Phagocyte-produced ROS are important effector molecules in the defence against microbes, and could also be involved in the regulation of the adaptive immune system . To evaluate PMN function in SLE, we decided to investigate intracellular ROS production. PMN in peripheral whole blood from SLE patients (n = 92, Table 1) and healthy controls (n = 38), were stimulated with either the protein kinase C activator, PMA, or with opsonised E. coli. SLE-PMN showed a decreased capacity to produce ROS ex vivo after activation with both PMA (P <0.0001) and E. coli (P = 0.0002) (Figure 1). The decreased amount of ROS produced by SLE-PMN was not associated with the dose of prednisone or hydroxychloroquine treatment (Figure 2A and B) or other immune suppressive drugs listed in Table 1 (not shown). Perazzio et al. have previously shown an increased ROS production in SLE-PMN after in vitro activation with S. aureus or P. aeruginosa using DCFH-DA as fluorochrome . To evaluate whether this discrepancy was due to experimental procedure or differences in patient population, patients (n = 15) and controls (n = 15) were analysed in parallel with both methods, using S. aureus, P. aeruginosa, PMA and E. coli as stimuli. Similar findings where observed between the two methods (Table 2). SLE-PMN showed a decreased intracellular ROS formation after PMA activation compared with controls (PhagoBurst test: P = 0.0394 and DCFH-DA: P = 0.0146) whereas no significant difference was observed with the other stimuli (not shown). The decreased ROS production in our examined SLE cohort after PMA activation was consistent using both methods in contrast to the findings of Perazzio et al., suggesting differences in patient populations.
Organ damage was associated with low ROS production in SLE-PMN
The severity of autoimmune diseases has previously been associated with decreased ROS production –. Hence, to study if the severity of SLE was associated with changes in ROS production, the patients were divided in two groups based on the presence of organ damage or not according to SLICC/ACR-DI (Table 1). PMN from patients with SLICC/ACR-DI ≥1 had decreased ROS production, compared with patients without organ damage (Figure 3A), when activated with PMA (P = 0.0022). No difference was seen after activation with E. coli (not shown). Patients with organ damage were in general older than patients without (Table 1), however, the age of the patients was not correlated with PMA-induced oxidative burst in PMN (not shown).
Next, we investigated if disease activity, at the time point of sampling, was associated with ROS production. The patients were divided into three groups based on the SLEDAI-2 K : (1) no activity, (2) laboratory parameters only, such as low complement and anti-double stranded DNA antibodies; and (3) clinical manifestations, for example, nephritis, rash and arthritis. No association between ROS production and disease activity (P = 0.0654) was observed (Figure 3B).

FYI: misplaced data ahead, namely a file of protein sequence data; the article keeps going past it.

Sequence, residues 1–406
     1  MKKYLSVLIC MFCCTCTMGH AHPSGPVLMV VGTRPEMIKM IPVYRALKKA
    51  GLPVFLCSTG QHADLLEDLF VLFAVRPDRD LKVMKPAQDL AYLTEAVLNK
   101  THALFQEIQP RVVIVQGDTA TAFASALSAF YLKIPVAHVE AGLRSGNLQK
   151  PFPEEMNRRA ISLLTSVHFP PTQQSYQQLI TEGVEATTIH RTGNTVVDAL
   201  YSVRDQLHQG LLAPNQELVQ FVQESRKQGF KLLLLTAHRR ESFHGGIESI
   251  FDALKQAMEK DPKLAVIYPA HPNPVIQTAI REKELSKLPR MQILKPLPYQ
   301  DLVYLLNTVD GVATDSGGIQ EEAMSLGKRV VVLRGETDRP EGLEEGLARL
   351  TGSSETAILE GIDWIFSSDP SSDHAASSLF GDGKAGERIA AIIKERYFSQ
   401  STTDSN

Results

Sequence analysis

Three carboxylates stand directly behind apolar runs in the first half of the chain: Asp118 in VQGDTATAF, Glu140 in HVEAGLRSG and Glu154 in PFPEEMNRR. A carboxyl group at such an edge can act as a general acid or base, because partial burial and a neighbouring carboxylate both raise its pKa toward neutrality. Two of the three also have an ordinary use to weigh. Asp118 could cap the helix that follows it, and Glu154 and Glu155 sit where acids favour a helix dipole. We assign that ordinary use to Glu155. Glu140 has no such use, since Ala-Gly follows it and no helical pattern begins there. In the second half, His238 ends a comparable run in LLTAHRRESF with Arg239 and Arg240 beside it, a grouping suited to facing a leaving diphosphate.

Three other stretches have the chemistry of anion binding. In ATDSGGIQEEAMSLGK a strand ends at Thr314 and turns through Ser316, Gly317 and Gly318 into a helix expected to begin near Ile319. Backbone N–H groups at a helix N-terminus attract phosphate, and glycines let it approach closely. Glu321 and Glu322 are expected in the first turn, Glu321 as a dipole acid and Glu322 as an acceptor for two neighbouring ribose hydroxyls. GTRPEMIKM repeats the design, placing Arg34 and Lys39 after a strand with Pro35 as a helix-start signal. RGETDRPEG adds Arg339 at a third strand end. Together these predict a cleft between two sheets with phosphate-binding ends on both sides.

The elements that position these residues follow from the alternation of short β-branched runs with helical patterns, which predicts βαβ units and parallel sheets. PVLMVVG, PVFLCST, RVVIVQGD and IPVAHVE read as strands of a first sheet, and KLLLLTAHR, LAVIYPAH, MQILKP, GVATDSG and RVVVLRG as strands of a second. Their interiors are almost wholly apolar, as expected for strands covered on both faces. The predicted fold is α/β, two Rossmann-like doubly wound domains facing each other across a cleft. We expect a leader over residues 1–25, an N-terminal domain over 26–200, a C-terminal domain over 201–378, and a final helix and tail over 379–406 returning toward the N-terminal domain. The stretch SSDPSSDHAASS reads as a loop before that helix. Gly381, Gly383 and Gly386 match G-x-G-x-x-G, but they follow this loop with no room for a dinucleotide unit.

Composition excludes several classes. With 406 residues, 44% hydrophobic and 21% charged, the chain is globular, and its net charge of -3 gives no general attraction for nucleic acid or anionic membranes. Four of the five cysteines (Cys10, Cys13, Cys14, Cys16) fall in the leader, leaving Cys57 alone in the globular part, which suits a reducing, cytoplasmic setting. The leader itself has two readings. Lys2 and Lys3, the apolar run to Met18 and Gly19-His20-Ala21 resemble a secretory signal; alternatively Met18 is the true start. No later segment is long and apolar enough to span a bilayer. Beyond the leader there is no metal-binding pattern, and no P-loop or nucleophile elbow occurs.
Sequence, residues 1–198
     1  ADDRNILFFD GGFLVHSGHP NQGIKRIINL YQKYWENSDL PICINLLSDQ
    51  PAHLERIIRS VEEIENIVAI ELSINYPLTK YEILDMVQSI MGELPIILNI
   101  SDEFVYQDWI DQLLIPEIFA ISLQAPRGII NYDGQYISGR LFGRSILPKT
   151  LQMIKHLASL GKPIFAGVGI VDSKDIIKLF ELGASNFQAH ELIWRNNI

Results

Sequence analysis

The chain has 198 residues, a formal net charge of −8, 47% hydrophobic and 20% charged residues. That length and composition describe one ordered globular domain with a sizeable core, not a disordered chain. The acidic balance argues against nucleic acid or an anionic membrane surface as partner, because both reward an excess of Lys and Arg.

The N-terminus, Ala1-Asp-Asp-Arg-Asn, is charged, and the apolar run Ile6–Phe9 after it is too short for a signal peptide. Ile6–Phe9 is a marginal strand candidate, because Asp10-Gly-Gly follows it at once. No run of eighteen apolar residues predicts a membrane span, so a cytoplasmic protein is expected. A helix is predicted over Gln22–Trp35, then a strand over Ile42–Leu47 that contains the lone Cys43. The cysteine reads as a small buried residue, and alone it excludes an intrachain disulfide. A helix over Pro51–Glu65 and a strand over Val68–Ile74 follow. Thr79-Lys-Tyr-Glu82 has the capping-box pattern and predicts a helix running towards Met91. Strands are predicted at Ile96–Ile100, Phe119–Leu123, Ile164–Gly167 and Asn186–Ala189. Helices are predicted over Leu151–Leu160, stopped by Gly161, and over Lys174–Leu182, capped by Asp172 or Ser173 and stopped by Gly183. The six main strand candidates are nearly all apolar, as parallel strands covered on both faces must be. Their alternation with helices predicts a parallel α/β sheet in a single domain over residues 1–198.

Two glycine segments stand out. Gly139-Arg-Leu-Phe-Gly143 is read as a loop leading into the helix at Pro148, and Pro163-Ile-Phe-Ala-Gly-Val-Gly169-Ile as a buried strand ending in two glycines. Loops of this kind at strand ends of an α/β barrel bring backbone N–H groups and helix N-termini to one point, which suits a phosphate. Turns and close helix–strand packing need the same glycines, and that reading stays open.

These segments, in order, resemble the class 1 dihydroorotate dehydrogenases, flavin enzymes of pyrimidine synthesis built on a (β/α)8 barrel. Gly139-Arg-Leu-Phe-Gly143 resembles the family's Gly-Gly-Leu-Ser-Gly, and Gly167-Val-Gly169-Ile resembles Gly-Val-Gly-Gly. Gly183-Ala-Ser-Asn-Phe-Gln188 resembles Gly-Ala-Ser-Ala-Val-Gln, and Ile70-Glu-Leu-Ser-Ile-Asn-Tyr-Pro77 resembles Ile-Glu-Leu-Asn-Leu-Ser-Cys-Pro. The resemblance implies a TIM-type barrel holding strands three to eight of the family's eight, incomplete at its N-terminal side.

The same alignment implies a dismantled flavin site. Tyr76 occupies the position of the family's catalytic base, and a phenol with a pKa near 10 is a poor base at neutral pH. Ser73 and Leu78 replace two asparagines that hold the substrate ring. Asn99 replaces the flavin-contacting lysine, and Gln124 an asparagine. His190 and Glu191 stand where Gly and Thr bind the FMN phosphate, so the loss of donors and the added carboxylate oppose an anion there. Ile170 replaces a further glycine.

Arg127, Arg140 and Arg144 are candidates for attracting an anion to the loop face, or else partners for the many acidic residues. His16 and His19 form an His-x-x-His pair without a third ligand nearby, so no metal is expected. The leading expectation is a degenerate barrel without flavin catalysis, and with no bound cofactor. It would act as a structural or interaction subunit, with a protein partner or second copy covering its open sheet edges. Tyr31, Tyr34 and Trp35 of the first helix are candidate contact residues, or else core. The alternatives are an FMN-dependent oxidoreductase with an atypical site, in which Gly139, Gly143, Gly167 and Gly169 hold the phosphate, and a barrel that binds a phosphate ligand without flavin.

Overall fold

Phagocytosis of antibody-coated microbes and foreign material precedes ROS production in PMN. To evaluate further the function of PMN in SLE, in particular in patients with organ damage, the phagocytosis capacity was investigated in 40 out of the 92 patients. Antibody-coated necrotic cells were chosen as stimuli for phagocytosis to relate to lupus erythematosus cells, for example, PMN containing phagocytosed antibody-coated dead cell materials, a phenomenon almost pathognomonic for SLE. No differences were observed between patients with (n = 25; SLICC/ACR-DI ≥1), compared to patients without organ damage (n = 15; SLICC/ACR-DI = 0), further suggesting that the decreased ROS production in patients with severe disease is not due to a general unresponsiveness (Figure 3C). No associations between disease activity based on SLEDAI-2 K and the ability to phagocytose were observed (not shown).
Low numbers of CD10−CD16low SLE-PMN
During acute inflammation, an increased percentage of CD10−CD16low neutrophils in peripheral blood are thought to reflect an increased mobilization of cells from bone marrow [6, 7]. To study the frequency of newly released CD10−CD16low PMN in peripheral blood, samples from 73 SLE patients, and 27 healthy controls were analysed by flow cytometry. SLE patients showed lower percentages of CD10−CD16low PMN (Figure 4), compared with healthy controls (P <0.0001). Hence, the SLE-PMN were to a high extent CD10+CD16+ compared with controls (P <0.0001), which is consistent with a decreased release of PMN from the bone marrow.
To characterize the activation status of PMN in peripheral blood the expression of C5aR, CD11b and CD62L was investigated. SLE-PMN were to a lesser extent C5aR positive (P <0.0001), and the positive cells expressed less C5aR (P <0.0001) (Table 3). No differences in the expression of CD11b or CD62L were observed (Table 3), indicating that the cells were only partly activated. C5aR expression and percentage of CD10−CD16lowPMN were not correlated with SLICC/ACR-DI or SLEDAI-2 K (not shown).